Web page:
Our main goal this February was to invite UWE students to #ShowYourTrueColours, encouraging LGBT+ students to be proud of who they are, and to not be afraid to express themselves at university. We achieved this through launching our Ally Campaign. This meant bringing together student representatives and staff members from across the university in a show of solidarity for the LGBT+ community, promoting the idea that you don’t have to be a member of the community to support it.

None of these events could have been possible without the incredible work of the LGBTPlus Society Committee and members. They managed to come up with a broad range of activities to ensure that there was something for everyone this month. Together, with Marianna the SU’s National, Faith & Identity Societies Coordinator, we have had a more diverse and well organised LGBT+ History Month than ever. It’s important that we appreciate the work put into this month, as it is important that the students here raise awareness of the issues faced and milestones achieved by the LGBT+ community from UWE and beyond.

Trans Awareness and gender neutral toilets on campus

As LGBT+ Officer, I have become very involved in the conversation on trans student rights. After the SU wellbeing survey revealed 98% of trans students have suffered from mental health issues, I felt it important to facilitate trans students needs and make their university experience easier.

Poster promoting UWE bathroom as a safe space for Trans and Gender Questioning Students
Trans awareness posters to be put in toilets

Therefore during February, I have also started liaising with the UWE facilities team through the SU to establish more gender neutral toilets in the university. At present, the only gender neutral toilets exist in the SU building and the new X Block. The university has agreed to change any single cubicle gendered toilets around the university into gender neutral toilets. They have also committed to building gender neutral toilets into all new buildings.

As part of the LGBT+ Month campaign and the theme of allyship – working with the university we have developed Trans Awareness posters to be put in toilets across all three campuses. We are encouraging students to respect others’ privacy, identity and continue as normal if they are questioning someone’s right to use a specific bathroom.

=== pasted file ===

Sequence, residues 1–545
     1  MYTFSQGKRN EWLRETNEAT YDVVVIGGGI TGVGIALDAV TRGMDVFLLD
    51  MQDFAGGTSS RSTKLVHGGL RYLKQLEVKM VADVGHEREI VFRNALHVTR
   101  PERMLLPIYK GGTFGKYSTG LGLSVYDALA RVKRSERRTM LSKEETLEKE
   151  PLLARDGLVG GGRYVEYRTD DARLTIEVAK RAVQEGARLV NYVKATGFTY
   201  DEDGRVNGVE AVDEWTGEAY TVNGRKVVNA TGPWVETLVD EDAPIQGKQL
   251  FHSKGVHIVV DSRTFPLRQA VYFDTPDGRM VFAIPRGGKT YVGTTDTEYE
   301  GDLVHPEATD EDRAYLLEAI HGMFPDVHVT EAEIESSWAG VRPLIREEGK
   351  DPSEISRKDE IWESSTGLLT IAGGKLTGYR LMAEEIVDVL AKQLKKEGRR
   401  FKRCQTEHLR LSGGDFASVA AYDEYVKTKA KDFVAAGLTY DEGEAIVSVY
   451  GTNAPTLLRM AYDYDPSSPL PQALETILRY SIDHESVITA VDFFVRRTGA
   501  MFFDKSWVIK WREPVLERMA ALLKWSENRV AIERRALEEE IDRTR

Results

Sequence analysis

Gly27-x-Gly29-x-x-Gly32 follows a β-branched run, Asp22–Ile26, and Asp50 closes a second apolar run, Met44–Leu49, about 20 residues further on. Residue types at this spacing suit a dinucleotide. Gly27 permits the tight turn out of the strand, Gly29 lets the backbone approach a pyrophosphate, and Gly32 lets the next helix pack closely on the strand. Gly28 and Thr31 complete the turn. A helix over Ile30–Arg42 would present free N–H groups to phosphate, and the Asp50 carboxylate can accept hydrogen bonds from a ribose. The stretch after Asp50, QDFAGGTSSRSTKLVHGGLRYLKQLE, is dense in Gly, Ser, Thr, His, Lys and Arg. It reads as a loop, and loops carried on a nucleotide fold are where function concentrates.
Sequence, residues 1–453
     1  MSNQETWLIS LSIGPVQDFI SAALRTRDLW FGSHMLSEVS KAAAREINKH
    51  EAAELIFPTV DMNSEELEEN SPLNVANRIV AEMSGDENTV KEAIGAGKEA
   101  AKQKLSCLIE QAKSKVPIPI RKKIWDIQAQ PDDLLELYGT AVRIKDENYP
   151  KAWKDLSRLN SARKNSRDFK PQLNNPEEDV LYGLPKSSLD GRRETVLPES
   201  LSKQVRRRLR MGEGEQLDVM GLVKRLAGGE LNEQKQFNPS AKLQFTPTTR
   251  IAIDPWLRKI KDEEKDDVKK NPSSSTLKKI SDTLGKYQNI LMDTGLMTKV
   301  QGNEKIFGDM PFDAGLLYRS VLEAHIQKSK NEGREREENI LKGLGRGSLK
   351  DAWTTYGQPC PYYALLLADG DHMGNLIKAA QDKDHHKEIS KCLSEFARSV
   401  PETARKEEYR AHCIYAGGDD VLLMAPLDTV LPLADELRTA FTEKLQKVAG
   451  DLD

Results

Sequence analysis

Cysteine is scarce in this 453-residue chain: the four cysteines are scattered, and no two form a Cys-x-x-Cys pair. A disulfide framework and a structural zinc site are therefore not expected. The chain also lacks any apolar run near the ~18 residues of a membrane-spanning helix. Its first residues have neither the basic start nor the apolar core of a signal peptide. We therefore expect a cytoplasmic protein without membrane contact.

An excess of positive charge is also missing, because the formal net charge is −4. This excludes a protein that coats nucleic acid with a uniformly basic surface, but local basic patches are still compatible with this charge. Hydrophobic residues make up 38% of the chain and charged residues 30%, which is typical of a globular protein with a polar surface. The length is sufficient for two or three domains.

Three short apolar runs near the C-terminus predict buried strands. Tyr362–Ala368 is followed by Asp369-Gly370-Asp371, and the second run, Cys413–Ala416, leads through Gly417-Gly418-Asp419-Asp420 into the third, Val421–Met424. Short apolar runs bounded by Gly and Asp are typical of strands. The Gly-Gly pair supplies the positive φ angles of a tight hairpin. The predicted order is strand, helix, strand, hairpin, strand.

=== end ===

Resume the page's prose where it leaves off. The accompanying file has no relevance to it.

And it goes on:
This is important because transitioning students may find it hard to adjust to using their preferred gender toilets. This may be due to fear of judgement. Having a bathroom accessible to either gender is a safer option. We are doing everything we can to make the environment for students transitions as comfortable as possible.




Rt Hon David Lammy MP launches 2018 Equity Speaker Series at UWE Bristol

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Rt Hon David Lammy MP, author of the Lammy Review launched the 2018 Equity Speaker Series on Wednesday 24 January at the UWE Bristol Exhibition and Conference Centre. Lammy, who is an popular campaigner and outspoken social and political commentator, spoke on the topic of  ‘The Confidence to Be: What next for the BAME graduate?’ Following the talk, 200 delegates enjoyed networking and a Caribbean inspired canape reception courtesy of Calypso Kitchen restaurant , the brain child of UWE Bristol Alumnus Will Clarke.  A number of pro-diversity organisations were also in attendance as exhibitors to promote opportunities to BAME students.

About UWE Bristol’s Equity Programme

Equity is an innovative positive-action talent and professional development programme for home-BAME students at UWE Bristol.  It was launched in FBL at the University’s annual Link event in October 2017 which attracted approximately 300 students and professionals.  Its principal objectives are the improvement of graduate outcomes specifically in terms of increasing professional employment and self-employment rates as well as supporting them to aim for careers which offer promising earning potential.  Equity days take place once a month and include race and identity coaching and workshops entirely facilitated by external BAME professionals and entrepreneurs. Each Equity day concludes with a keynote speaker that reflects the best of British BAME talent.  (Equity Curator Dr Zainab Khan and Race Equality Programmes Officer Alex Mormoris are both based within FBL, any queries should be addressed to raceequality@uwe.ac.uk you can also follow the programme on Twitter @Bristol_Equity )